A three-judge panel did not decide from the bench Friday whether to temporarily block the Senate from making decisions on Gov. Roy Cooper’s cabinet appointees.
The panel issued a temporary restraining order earlier this week but heard arguments Friday about whether to issue a preliminary injunction for 25 days until the overall case is resolved.
Cooper’s attorney Jim Phillips, of Greensboro, made a separation of powers argument, stating that the legislative branch is encroaching on the executive branch by exercising advice and consent on Cooper’s appointees.
He also said that the threat of the legislature vetoing one of Cooper’s “most important powers” limits his appointee choices because he has to choose someone to appease the Senate.
“It has a chilling effect on the governor’s decision making,” Phillips said.
Martin Wharf, a Raleigh attorney representing Senate President Pro Tem Phil Berger and House Speaker Tim Moore, argued that a law passed by the General Assembly is constitutional “unless it is clearly prohibited.”
The Senate’s authority to give advice and consent does not take away the governor’s power to make appointments, he added.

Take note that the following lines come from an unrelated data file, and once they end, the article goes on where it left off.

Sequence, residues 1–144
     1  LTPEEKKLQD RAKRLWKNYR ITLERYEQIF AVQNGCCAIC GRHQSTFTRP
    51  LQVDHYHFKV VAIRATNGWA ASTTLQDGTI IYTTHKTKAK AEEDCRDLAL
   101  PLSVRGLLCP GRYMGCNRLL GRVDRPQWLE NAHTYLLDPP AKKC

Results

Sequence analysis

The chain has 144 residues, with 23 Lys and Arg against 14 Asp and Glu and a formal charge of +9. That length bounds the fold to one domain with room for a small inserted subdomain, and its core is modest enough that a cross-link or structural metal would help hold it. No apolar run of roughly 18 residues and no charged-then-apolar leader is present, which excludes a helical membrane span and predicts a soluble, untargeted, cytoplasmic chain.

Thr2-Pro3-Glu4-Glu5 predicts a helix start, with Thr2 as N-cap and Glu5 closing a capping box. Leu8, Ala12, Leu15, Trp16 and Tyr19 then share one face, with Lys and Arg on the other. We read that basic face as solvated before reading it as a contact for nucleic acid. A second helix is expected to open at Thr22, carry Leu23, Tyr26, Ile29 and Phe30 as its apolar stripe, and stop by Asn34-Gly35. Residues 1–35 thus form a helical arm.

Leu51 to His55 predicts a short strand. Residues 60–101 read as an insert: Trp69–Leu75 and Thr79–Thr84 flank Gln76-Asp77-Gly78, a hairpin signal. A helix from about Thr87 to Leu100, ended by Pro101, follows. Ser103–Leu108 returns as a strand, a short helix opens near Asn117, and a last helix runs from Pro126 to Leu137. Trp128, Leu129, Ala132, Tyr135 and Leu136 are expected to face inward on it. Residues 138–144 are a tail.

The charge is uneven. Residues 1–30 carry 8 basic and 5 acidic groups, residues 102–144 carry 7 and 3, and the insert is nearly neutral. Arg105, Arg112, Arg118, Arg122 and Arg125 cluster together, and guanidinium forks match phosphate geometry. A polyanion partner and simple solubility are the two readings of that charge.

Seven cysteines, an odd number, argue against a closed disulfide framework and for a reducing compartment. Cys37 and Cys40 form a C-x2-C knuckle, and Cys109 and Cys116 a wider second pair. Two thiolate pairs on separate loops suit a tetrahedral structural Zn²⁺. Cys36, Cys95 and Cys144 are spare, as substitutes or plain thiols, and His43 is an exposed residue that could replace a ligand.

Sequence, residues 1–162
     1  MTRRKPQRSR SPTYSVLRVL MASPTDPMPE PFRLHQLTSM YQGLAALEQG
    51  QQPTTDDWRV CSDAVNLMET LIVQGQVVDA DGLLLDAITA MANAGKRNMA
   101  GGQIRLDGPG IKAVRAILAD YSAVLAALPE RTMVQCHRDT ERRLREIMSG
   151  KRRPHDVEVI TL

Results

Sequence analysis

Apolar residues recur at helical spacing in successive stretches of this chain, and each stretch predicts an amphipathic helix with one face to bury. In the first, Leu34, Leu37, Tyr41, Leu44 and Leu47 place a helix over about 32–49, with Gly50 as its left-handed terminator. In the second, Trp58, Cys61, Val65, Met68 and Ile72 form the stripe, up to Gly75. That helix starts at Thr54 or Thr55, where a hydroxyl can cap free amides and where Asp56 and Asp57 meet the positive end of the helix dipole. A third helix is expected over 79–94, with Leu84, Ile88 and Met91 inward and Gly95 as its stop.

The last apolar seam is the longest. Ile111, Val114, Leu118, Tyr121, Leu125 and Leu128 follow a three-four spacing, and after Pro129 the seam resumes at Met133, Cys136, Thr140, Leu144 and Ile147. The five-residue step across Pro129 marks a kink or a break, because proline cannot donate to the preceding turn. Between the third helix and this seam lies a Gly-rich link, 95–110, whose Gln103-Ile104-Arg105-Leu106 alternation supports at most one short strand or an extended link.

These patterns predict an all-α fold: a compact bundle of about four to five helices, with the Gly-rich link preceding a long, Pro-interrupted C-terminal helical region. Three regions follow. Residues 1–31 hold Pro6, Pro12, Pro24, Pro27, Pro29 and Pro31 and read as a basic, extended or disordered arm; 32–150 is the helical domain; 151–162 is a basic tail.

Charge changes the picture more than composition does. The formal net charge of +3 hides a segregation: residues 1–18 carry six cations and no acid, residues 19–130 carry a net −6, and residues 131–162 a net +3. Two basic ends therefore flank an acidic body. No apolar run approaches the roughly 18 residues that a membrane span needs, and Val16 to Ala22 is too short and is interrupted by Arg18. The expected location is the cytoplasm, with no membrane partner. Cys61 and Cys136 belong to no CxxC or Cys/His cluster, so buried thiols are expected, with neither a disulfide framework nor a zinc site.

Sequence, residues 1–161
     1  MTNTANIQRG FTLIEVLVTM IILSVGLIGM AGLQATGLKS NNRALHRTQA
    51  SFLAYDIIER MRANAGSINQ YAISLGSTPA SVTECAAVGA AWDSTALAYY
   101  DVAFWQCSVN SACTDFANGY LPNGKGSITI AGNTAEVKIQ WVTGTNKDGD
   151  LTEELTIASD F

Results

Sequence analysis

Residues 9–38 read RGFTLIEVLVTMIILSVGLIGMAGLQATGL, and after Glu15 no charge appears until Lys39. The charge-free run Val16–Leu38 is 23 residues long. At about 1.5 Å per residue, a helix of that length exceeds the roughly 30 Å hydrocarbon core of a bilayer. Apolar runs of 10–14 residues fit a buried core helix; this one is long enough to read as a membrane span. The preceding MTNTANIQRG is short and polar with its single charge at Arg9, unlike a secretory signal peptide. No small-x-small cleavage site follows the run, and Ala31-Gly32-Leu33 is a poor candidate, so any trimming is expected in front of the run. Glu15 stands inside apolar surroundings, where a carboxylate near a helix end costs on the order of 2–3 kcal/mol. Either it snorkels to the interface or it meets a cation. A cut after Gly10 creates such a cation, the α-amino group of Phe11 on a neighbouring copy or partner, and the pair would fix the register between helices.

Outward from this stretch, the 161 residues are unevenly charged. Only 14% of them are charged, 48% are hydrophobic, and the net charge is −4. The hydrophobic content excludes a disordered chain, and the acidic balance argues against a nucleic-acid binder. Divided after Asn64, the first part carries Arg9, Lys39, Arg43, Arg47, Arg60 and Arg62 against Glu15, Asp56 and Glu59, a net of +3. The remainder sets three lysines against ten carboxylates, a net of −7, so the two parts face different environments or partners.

Berger and Moore’s other attorney, Noah Huffstetler III argued that until the Senate moves forward with confirmation hearings, the harm to Cooper is just speculation — they don’t know what the process actually looks like or how long it will take.
He also said that the May 15 deadline Cooper has to formally submit his appointee names to the Senate is moot when he sends out press releases touting their qualifications and they begin doing “the people’s business.”
He added that it should be assumed Cooper and his aides conducted thorough vetting already of the appointees, but if they hadn’t, it was “all the more reason this confirmation process is necessary.”
Judge Jesse B. Caldwell III questioned Huffstetler about why confirmation hearings hadn’t been held in the past.
“If we have an executive branch that’s out of control, out of control, that needs to be reeled in … then why wasn’t this done before?” he asked.
Huffstetler said the hearings were not established as a reaction to Cooper being elected and that the legislature was a proponent of transparency.
“I think it’s just a good, sound public policy,” he said. “I believe that it’s probably overdue, your honor, that’s the best answer I can give.”
He added that just because it hadn’t been done in the past didn’t mean that it should stop them from doing it in the future.
Caldwell said if a preliminary injunction was ordered, it would not stop the Senate from holding hearings, it would only make their votes null and void until the lawsuit was settled.
Phillips argued that it should stop the hearings altogether because of the time it would require of appointees.
Caldwell and Judges Jeffrey B. Foster and L. Todd Burke will deliberate before making a decision.